Using ESO’s VLT Survey Telescope (VST), astronomers captured this image of the particular galaxy NGC 7727.
“Just as people at a busy intersection can accidentally collide, so can the galaxies of the Universe!” ESO astronomers said.
“But in this case, the result is more dramatic than a little nudge.”
“When two galaxies clash, they merge into each other, giving rise to a new, larger one. An example is NGC 7727, shown in this VST image.
NGC 7727 is located approximately 69 million light years from Earth in the constellation Aquarius.
This 115,000 light-year-wide galaxy was discovered by German-born British astronomer William Herschel on November 27, 1785.
Also referred to as Arp 222 and LEDA 72060, the galaxy is the brightest member of the NGC 7727 (LGG 480) group.
Astronomers believe that NGC 7727 is the product of the merger of two smaller spiral galaxies that took place around a billion years ago.
The galaxy’s most likely fate is to become an elliptical galaxy in the future, with very little interstellar dust and star formation.
“NGC 7727 is believed to be the result of a clash between two galaxies that occurred about a billion years ago,” the researchers said.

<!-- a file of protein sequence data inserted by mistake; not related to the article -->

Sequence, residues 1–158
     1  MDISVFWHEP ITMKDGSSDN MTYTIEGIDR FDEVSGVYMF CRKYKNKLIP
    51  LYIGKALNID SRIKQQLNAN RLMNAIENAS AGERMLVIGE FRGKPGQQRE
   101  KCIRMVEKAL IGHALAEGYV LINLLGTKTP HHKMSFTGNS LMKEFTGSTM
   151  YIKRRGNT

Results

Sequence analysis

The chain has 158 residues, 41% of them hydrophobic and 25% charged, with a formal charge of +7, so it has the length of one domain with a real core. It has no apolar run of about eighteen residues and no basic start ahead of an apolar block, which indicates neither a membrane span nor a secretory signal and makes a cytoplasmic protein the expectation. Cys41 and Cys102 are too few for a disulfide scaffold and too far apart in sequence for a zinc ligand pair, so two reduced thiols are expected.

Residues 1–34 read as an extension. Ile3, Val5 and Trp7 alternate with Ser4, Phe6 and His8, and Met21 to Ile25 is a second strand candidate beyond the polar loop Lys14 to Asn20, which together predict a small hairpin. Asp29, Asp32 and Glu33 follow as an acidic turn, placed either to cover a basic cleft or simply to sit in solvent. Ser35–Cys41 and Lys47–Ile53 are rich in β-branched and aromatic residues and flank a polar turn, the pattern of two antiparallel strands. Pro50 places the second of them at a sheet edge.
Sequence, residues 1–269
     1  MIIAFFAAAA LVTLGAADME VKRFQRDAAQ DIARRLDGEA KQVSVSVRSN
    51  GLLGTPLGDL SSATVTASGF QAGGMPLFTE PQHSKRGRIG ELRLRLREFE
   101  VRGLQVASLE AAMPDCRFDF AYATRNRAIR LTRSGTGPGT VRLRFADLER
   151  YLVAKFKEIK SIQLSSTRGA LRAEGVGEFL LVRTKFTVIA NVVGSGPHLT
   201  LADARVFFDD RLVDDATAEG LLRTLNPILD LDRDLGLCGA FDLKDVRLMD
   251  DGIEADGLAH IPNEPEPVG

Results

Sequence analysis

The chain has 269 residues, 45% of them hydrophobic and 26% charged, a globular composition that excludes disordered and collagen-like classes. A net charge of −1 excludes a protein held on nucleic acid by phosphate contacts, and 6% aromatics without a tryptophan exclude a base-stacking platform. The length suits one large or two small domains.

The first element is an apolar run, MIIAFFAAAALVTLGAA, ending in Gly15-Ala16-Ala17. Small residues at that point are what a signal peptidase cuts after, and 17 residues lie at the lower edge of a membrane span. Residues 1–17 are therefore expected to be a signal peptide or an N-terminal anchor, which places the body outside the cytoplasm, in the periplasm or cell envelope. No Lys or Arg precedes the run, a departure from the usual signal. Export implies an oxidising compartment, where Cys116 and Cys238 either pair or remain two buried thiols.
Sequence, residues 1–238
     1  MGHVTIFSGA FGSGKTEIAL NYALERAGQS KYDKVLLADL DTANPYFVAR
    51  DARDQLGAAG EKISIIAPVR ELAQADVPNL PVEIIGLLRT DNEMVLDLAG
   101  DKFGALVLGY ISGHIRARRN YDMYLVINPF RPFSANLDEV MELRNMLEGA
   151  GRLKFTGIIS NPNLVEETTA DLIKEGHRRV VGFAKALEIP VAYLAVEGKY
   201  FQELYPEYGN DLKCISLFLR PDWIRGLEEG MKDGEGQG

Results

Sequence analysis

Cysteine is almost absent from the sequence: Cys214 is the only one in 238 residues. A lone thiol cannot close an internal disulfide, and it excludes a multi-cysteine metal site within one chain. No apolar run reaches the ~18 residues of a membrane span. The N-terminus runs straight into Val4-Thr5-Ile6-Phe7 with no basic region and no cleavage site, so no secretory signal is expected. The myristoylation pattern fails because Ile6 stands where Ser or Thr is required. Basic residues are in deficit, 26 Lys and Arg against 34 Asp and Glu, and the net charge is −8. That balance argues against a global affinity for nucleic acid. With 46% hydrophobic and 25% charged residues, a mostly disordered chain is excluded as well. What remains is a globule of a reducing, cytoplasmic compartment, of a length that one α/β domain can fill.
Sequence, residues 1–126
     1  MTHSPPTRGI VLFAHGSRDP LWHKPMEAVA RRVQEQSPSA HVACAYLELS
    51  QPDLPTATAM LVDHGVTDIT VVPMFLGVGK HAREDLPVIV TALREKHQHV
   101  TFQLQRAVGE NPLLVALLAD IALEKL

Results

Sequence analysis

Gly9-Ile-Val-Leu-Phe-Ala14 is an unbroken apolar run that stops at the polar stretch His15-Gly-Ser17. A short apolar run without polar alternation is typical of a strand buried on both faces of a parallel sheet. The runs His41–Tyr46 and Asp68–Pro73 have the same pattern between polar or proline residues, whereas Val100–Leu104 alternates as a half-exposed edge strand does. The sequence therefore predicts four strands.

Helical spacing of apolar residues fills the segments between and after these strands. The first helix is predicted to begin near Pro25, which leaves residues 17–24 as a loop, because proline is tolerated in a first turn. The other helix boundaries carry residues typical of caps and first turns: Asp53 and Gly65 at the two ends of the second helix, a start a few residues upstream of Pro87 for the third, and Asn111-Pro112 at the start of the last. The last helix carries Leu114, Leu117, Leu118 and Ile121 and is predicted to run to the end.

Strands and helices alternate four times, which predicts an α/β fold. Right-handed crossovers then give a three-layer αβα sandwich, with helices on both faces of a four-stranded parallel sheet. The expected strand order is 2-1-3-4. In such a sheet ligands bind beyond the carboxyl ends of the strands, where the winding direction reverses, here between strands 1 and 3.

“The consequences of this huge cosmic bump are still evident in the peculiar and irregular shape of NGC 7727 and the star fluxes in its outer regions.”
The new image of NGC 7727 was taken in visible light as part of the VST-ATLAS survey.
“The aim of the investigation is to map a large region of the southern sky – so large that you could contain around 19,000 full moons there,” the scientists explained.
“By studying the galaxies in this region, we aim to shed new light on the nature of dark energy, the mysterious force permeating the Universe and causing its accelerated expansion.”